Internal Revenue Service Releases 2016 Tax Numbers

On October 21, 2015, the Internal Revenue Service released the annual inflation adjustments for more than fifty tax provisions and the tax rate schedules for individuals, married individuals filing jointly, and heads of households. For 2016, Taxpayers will see a slight increase in some tax benefits, while other benefits will remain the same. Along with the tax benefits, several penalties have also been adjusted.

We updated our Key Tax Numbers which can be located on our website at the following link: Key Tax Numbers. Additionally, the IRS provided a summary of the provisions that it believes would be of the greatest interest to most tax payers. The summary and a link to the Revenue Procedure can be found at https://www.irs.gov/uac/Newsroom/In-2016-Some-Tax-Benefits-Increase-Slightly-Due-to-Inflation-Adjustments,-Others-Are-Unchanged. Alternatively, the Revenue Procedure will appear in the Internal Revenue Bulletin 2015-44 dated November 2.

© 2015 Houghton Vandenack Williams
For more information, Contact Us

Lapsed “Tax Extenders” Create Uncertain Planning Environment in 2014

Many of the tax laws that taxpayers rely on for deductions and credits year after year are known as “extenders”. Extenders are enacted to expire within one or two years. Typically, at the end of that period, Congress temporarily extends those provisions. This year, however, dozens of extenders have been allowed to expire. Unless they are retroactively extended, taxpayers will not be able to rely on them in 2014. These include:

  • Bonus depreciation provisions;
  • Tax-free charitable IRA distributions;
  • Energy efficiency credits;
  • Deductions for state and local sales taxes;
  • Deductions for mortgage insurance premiums deductible as qualified interest; and
  • Above-the-line deductions for qualified tuition and related expenses.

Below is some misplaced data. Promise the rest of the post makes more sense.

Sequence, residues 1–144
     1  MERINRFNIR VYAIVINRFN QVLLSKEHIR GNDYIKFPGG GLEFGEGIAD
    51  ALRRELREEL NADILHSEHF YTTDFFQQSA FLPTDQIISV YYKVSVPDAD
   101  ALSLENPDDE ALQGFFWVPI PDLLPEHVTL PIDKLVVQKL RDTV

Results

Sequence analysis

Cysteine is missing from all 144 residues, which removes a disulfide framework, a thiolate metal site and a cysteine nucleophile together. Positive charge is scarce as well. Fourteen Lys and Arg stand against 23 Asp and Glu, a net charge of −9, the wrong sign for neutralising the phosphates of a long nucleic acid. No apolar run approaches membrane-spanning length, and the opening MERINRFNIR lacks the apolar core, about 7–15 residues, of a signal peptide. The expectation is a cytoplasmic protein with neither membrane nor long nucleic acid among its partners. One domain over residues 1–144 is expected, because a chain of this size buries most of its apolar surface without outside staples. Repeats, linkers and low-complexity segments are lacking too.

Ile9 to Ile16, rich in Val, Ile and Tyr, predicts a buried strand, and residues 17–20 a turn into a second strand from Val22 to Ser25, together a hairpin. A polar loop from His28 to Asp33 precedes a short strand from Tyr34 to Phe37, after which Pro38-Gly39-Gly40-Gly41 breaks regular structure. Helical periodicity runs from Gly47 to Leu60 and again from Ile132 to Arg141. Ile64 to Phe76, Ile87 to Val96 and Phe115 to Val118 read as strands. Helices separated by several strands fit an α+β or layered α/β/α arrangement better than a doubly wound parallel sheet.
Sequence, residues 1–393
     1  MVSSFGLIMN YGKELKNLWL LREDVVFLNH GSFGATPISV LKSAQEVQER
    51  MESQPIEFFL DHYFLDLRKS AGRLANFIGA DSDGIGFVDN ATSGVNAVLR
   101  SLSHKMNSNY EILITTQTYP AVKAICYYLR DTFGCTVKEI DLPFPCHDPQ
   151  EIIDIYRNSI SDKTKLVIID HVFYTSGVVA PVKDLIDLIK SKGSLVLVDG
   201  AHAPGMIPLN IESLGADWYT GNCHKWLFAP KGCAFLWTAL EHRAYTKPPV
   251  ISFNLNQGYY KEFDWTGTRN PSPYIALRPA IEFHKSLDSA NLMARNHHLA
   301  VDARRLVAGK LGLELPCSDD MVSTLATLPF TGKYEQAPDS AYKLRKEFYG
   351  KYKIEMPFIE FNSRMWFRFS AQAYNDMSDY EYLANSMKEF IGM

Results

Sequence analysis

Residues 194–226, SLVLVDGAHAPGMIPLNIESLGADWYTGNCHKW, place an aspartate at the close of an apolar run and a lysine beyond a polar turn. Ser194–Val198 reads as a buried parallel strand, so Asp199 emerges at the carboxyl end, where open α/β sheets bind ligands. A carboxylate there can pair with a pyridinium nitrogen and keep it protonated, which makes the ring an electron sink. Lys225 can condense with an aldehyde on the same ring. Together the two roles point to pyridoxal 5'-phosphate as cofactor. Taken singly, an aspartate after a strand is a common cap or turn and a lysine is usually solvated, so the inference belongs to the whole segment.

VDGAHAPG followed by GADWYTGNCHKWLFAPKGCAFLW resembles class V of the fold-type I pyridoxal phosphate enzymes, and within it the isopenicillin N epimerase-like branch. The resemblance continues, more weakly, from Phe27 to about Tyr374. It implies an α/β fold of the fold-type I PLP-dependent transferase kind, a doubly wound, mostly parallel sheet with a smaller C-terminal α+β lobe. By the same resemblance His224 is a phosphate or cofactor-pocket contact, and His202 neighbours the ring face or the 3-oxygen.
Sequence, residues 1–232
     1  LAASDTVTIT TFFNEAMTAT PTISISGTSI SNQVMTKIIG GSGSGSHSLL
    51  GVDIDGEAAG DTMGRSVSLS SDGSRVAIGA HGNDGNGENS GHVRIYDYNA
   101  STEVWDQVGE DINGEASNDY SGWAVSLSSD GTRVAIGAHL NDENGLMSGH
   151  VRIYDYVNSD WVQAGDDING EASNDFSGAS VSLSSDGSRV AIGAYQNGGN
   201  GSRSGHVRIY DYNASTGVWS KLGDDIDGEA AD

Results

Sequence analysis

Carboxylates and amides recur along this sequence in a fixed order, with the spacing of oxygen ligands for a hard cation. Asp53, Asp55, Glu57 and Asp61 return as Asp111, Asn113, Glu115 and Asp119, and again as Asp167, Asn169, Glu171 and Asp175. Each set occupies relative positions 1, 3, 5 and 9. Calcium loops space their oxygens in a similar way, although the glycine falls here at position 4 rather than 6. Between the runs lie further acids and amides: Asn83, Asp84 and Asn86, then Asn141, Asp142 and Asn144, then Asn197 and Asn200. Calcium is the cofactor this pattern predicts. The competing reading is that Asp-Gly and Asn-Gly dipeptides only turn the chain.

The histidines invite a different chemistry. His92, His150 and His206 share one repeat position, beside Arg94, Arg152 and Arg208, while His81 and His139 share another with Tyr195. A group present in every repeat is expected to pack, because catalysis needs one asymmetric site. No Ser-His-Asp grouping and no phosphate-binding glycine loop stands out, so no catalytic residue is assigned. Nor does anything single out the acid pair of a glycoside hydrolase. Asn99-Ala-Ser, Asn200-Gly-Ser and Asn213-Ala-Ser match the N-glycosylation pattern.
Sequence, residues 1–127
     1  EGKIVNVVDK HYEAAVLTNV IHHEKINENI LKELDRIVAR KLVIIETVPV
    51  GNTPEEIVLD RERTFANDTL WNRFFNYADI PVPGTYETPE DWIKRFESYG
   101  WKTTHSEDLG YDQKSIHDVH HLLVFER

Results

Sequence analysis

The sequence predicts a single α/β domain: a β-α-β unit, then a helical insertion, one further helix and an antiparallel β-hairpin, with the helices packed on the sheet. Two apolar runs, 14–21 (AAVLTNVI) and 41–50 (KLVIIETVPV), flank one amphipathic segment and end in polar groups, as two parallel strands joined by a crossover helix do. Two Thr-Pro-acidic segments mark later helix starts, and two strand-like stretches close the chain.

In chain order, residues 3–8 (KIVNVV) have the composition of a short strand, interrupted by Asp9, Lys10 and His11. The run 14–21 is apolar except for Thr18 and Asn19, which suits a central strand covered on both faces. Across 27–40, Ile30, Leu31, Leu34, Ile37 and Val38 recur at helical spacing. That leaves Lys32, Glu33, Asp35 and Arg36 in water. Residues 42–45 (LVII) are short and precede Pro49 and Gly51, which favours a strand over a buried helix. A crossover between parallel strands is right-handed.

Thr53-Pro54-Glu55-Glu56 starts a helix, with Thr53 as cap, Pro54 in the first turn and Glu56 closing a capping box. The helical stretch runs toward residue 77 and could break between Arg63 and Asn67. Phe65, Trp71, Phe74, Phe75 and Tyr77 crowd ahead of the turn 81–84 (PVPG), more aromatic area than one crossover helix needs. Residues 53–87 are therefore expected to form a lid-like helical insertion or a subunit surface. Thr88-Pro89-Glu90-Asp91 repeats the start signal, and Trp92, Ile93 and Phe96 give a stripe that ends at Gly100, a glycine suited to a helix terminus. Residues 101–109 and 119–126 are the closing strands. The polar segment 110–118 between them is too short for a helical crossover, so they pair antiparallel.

A number of competing bills have been introduced in Congress to address the fate of these extenders. Some proposals include addressing extenders in an attempt to broadly reform the tax system. Others involve a “no-questions-asked” extension of these lapsed extenders for another year. Until a solution is found, tax planning in 2014 is likely to involve some degree of uncertainty. Taxpayers should consult with a tax advisor as to which expired extenders might apply to them and planning alternatives to address when and if these extenders will be brought back.

© 2014 Parsonage Vandenack Williams LLC

For more information, contact us

Tax Deductions for Animal Caregivers

Individual taxpayers that help rescue and foster animals for a charitable organization may be able to deduct unreimbursed volunteer expenses as charitable contributions on their tax returns this year.  The US Tax Court recently allowed a taxpayer that helps a local nonprofit by fostering cats in her home deduct associated unreimbursed expenses as charitable deductions.  Some of these expenses included vet expenses, pet supplies, cleaning supplies, and increased utility bills.

Individuals looking to deduct similar expenses should adhere to the following guidelines:

  1. Look to whether the charitable work “caused or necessitated” the expenses– unreimbursed expenses must be directly connected with and solely attributable to the rendition of services to a qualified charitable organization.
  2. Keep good records of all expenditures.
  3. For all expenditures greater than $250, individuals must obtain prior to filing a written acknowledgement from the donee organization, containing: a description of the services provided; a statement of whether the organization provided any consideration in return for the services; and a good faith estimate of the value of the goods and services provided to the organization.

© 2012 Parsonage Vandenack Williams LLC

For more information, contact info@pvwlaw.com